For the second time in two years, Mayor-President Josh Guillory is ignoring the advice of the experts we pay to guide LUS Fiber. This time that arrogance is putting LUS Fiber on a path to bankruptcy.
In the coming year, LUS Fiber is budgeted to spend millions on expansions and make a discretionary payment into the city general fund for the first time ever. According to the Fiber consulting engineer’s most recent annual comprehensive report, Fiber can’t afford to do that.
This fiscal irresponsibility not only threatens Fiber’s resilience and ability to service the city of Lafayette, it also threatens Fiber’s very existence.
First, some background. Both LUS and LUS Fiber have contracts with bondholders — institutions that buy their debt — requiring consulting engineers to protect their investments. The utilities carry hundreds of millions in debt between them, and their financial fates are intertwined. But that expert advice is meaningless if Guillory ignores it.
Guillory first ignored expert advice when he appointed Ryan Meche to be LUS Fiber’s director over the consulting engineer’s concern about Meche’s qualifications. He misled the City Council about the engineer’s recommendations and then fired that consulting engineer. Since then dozens of employees have left LUS Fiber, including all of its managers, according to sources close to Fiber.
Now Guillory’s ignoring that expert advice again.
For starters, he’s balancing the city’s checkbook by raiding Fiber’s piggybank. In the next fiscal year, Fiber will pay $3.2 million in in-lieu-of-tax payments, a contribution it doesn’t have to make. Without it, city government would run a $3+ million deficit next year.
In-lieu-of-tax payments — most call it ILOT — are a bit of a misnomer. While state law requires Fiber to pay imputed taxes to level the playing field with private operators, paying ILOT is optional. It’s more akin to distributing profits. (LUS sends around $25 million to the city general fund each year; it’s why we call it the goose that laid the golden egg.)
In other words, it’s a choice — a choice Fiber can’t yet afford to make, according to the experts we pay to protect it. In its report, the consulting engineer clearly states that Fiber’s margins are not yet large enough to make any ILOT payment.
Guillory’s decision to balance the city’s budget with ILOT sets Fiber on track to zero out its reserves in three years. This would make LUS Fiber extremely vulnerable to any shortfalls in revenue or unexpected expenses. And would significantly limit its ability to finish building out the city of Lafayette or to fix damage caused by storms.
This is a risky move by itself. And it’s even riskier when we take into account the direct costs of Fiber’s grant-funded expansions in Evangeline and Vermilion parishes, which are not yet accounted for in Fiber’s budget.
Meche has implied to the City Council that the Ville Platte expansion wouldn’t cost LUS Fiber any money, but that’s not true. Fiber’s five-year pro forma, submitted in its application for the federal grant awarded earlier this year, runs significant deficits for the first four years.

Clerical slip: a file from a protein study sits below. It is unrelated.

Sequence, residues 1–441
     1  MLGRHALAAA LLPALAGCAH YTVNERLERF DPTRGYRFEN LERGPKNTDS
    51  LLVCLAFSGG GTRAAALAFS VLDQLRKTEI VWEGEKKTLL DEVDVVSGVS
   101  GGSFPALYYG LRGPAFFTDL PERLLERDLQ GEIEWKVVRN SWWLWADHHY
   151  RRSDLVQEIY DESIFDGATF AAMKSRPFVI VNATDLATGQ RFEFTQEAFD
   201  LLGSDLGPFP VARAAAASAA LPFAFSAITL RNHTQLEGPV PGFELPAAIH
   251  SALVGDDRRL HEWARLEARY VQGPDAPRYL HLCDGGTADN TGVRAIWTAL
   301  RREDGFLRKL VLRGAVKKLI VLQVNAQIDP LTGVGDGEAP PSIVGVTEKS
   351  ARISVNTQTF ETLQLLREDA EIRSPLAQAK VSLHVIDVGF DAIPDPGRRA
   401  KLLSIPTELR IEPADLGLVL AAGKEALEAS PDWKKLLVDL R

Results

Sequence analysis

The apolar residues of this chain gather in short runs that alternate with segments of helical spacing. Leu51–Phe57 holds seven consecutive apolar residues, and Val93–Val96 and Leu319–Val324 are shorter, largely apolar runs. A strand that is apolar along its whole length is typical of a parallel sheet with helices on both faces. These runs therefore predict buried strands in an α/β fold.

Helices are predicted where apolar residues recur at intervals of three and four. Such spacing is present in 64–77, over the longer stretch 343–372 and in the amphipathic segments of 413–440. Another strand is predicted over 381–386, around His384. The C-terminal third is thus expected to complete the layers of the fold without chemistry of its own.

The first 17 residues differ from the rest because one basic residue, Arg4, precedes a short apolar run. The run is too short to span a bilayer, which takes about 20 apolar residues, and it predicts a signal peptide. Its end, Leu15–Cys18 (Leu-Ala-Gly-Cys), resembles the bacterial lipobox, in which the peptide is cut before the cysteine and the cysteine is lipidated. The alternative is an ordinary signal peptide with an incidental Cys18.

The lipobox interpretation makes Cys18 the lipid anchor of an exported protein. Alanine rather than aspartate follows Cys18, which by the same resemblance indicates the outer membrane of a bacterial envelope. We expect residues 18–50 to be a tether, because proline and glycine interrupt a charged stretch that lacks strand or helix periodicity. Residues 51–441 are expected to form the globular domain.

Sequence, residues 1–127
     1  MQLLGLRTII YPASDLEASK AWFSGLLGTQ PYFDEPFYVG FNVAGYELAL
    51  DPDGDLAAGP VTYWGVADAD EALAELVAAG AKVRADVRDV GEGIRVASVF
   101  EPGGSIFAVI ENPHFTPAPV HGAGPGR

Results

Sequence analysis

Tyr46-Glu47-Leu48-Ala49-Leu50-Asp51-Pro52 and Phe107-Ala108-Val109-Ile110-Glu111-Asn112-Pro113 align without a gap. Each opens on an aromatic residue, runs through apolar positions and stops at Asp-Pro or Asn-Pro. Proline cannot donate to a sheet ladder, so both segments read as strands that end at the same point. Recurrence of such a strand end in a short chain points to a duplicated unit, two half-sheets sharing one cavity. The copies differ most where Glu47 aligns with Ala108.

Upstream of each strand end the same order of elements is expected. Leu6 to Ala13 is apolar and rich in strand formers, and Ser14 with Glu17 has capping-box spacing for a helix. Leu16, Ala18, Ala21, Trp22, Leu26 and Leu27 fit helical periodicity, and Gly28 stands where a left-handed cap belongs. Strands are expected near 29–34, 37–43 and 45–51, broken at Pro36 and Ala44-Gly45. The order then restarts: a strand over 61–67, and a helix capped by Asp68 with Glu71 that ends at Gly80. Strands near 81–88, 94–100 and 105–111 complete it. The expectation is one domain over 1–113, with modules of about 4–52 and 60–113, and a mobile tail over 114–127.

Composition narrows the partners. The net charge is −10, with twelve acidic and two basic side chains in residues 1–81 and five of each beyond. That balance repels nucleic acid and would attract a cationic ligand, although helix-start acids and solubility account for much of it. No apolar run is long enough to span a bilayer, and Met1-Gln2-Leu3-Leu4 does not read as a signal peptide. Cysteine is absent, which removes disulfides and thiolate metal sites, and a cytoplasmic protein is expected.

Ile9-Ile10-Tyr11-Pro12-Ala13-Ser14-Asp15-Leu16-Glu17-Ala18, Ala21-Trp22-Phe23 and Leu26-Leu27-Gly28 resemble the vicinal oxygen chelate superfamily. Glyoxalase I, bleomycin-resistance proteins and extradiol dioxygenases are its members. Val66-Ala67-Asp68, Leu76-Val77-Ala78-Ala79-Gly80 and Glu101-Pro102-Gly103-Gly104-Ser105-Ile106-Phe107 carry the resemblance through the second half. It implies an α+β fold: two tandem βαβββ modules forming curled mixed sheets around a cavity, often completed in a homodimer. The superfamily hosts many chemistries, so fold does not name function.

The $19.8 million grant awarded with national fanfare by the National Telecommunications and Information Administration will only pay to run fiber down the streets. Connecting each home falls on LUS Fiber. In its first year, this one expansion is projected to require a $5 million out-of-pocket expense — more than double the $2 million that the consulting engineer says LUS Fiber can afford for all of its expansions next year. Over the next four years, that subsidy totals more than $11 million. And this spending is on top of the $2.4 million that’s already in Fiber’s budget for outside plant expansion.
Meanwhile, the Vermilion Parish expansion, funded by a state broadband program, will cost LUS Fiber another $1 million to $2 million in matching funds — to connect less than 300 homes.
Between the ILOT payments and out-of-market expansions, Fiber is slated to spend roughly $25 million more over the next four years than the consulting engineer says it can responsibly afford. Factoring in the expansions, LUS Fiber could run out of its reserves by the end of next year and be operating a deficit.
The fastest way to bankrupt a fiber network is to expand too quickly. That’s because it’s relatively expensive to connect customers, and it can take years before those connections generate enough revenue to pay back the install costs. Even with the state and federal grants, that’s still true.
The administration has promoted these expansions as a big boost for Fiber’s revenue, while ignoring what it will do to its margins.
Take the Ville Platte expansion. According to Fiber’s pro forma, that expansion won’t turn a profit for five years, and even then just a $750,000 annual return. At that rate, it would take another 15 years to pay back what Fiber spent.
Let’s not lose sight of something very important about LUS Fiber. The network was built for the benefit of Lafayette city residents. Yet these ILOT payments and expansions could bankrupt Fiber before it’s finished building out the city of Lafayette. Plus, the moves are major risks to the Lafayette citizens who own LUS Fiber.
If Fiber is unable to make debt payments, according to its bonds the network must immediately be shut down, and control of the network and remaining debt would transfer to LUS. From there LUS rates would increase to cover the debt payments. In other words, these are risks LUS ratepayers would be on the hook for — even if you don’t have Fiber.
True to form, the administration has not addressed these issues with the City Council or the public honestly and transparently. Ignoring expert advice is bad enough. Doing so at the public’s risk is beyond irresponsible; it’s negligent.